Wednesday, February 8, 2023

Love and Death

The gruesome murder of Shraddha Walkar by her live-in partner Aftab Poonawala has shocked the nation and led to questions about relationships and domestic violence. What does the law say and what can others do in a similar situation?

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By Shaan Katari Libby

We have all been living through the grisly details of the brutal long-drawn-out torture and murder of a young lady Shraddha Walkar at the hands of the person who was supposed to love and care for her. It is tragic; a horrible waste of a young life at the hands of a psychotic killer. What makes this particular case more sad is that the police had the opportunity to do something—as did her friends and family—and yet nobody did. We will examine here what the law says on domestic violence and what society can do to help those experiencing it. Finally, we will look at practical steps that you can take should you ever be in such a position.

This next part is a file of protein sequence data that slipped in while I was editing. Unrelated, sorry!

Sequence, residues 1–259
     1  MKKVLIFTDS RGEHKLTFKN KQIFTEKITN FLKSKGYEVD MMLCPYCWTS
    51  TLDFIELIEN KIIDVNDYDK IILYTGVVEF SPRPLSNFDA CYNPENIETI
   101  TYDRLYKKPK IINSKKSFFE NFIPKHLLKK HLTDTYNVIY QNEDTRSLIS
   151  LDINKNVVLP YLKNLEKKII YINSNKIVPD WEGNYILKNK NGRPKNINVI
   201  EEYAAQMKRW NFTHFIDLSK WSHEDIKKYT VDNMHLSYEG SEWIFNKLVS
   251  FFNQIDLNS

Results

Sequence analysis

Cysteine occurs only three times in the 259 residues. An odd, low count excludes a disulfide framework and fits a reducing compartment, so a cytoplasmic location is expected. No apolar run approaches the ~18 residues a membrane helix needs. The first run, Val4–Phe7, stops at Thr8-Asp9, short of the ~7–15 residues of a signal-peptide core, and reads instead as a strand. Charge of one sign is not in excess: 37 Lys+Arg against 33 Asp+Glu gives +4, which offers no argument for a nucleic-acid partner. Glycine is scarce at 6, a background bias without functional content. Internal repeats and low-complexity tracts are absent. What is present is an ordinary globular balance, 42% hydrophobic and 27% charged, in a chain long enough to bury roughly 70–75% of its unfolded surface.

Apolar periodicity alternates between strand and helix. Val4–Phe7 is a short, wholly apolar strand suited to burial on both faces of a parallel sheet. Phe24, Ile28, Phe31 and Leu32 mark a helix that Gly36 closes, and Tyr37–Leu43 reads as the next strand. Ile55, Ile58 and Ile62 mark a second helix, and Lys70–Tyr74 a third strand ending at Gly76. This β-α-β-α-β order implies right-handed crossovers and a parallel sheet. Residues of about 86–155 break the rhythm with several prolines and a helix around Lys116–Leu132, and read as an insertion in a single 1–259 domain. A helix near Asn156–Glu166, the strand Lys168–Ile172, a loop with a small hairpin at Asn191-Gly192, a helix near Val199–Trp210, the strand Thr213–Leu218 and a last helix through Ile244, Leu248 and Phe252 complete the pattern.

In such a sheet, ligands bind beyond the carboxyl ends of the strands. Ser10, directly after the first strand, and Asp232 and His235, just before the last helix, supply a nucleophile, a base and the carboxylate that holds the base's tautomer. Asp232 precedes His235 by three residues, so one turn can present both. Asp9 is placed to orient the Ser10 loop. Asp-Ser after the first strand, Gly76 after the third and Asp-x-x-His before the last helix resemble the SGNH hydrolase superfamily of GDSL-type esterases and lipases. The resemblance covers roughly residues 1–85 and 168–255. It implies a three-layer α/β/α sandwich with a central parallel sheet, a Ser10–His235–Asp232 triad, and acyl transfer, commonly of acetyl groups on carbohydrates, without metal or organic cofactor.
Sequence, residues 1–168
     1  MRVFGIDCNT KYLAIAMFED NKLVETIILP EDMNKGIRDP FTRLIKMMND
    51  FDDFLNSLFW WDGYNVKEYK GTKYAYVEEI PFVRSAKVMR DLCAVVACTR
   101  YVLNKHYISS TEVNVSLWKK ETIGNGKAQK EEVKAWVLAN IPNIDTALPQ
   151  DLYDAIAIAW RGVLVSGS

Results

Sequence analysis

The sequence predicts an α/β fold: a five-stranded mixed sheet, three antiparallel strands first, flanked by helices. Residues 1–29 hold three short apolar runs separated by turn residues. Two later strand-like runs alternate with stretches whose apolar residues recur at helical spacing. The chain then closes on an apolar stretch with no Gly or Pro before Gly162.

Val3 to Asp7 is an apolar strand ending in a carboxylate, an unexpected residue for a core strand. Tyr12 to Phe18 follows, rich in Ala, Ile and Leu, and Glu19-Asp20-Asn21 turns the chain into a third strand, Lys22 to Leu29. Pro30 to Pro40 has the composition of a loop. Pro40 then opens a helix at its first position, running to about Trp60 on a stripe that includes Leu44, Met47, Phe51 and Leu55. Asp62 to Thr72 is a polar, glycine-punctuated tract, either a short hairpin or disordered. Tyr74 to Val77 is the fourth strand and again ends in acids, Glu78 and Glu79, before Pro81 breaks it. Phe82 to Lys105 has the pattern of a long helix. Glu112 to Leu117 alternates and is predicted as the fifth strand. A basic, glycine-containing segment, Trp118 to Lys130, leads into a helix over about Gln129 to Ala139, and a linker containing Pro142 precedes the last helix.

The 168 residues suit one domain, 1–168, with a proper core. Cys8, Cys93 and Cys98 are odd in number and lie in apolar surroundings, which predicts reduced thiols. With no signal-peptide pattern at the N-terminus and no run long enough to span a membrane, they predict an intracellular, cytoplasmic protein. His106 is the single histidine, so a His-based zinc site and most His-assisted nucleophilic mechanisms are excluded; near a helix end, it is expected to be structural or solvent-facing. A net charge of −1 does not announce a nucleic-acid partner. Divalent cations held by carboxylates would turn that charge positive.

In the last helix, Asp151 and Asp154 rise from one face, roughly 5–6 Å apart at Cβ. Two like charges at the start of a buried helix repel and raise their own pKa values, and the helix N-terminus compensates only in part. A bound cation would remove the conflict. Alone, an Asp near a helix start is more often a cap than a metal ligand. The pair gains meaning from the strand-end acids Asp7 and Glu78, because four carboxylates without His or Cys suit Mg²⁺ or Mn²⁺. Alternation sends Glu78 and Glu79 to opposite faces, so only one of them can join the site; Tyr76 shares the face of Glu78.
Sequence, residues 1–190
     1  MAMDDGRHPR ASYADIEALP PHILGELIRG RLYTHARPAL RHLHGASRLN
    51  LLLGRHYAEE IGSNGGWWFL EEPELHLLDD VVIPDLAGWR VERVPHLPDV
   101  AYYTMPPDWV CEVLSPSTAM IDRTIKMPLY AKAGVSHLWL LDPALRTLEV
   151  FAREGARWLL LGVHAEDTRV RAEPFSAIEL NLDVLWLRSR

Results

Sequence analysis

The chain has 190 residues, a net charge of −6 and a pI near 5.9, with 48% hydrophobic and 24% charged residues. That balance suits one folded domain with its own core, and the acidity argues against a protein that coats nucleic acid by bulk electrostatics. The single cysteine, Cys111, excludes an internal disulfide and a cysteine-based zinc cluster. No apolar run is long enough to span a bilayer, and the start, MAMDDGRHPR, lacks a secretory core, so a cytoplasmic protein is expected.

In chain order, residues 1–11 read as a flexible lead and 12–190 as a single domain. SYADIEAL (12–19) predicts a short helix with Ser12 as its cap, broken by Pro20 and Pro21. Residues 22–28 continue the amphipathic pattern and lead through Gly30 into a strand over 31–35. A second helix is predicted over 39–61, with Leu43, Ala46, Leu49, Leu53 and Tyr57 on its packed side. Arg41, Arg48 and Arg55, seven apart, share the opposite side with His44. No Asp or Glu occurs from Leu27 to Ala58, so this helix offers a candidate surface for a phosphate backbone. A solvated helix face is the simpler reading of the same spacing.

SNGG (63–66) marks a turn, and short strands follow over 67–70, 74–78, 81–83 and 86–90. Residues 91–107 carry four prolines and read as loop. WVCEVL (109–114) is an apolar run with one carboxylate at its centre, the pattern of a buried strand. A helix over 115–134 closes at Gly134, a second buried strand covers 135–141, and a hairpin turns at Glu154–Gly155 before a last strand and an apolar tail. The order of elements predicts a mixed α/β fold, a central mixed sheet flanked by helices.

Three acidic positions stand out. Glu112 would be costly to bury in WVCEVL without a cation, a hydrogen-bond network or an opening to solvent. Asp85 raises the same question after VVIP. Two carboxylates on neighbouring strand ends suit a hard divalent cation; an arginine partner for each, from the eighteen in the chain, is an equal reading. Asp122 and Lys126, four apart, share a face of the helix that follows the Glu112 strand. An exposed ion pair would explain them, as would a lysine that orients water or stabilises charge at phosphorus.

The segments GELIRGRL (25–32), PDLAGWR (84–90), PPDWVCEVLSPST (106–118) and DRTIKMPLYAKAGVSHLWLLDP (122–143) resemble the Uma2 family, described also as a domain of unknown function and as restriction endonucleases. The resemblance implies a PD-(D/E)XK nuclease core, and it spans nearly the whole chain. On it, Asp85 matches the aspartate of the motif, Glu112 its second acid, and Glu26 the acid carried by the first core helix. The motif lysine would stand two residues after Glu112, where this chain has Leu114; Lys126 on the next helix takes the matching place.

The law on domestic violence applies to both spouses as well as live-in partners as of 2005. There was an unfortunate comment made by someone in government recently about how women should not live with people before marriage. This is wrong in so many ways—to begin with, marriage does not protect you from domestic violence—in fact, it makes it harder to disentangle yourself and one in three women in India experience domestic violence within marriage. Also, the reason couples live together before marriage is often to have a better chance of a successful marriage.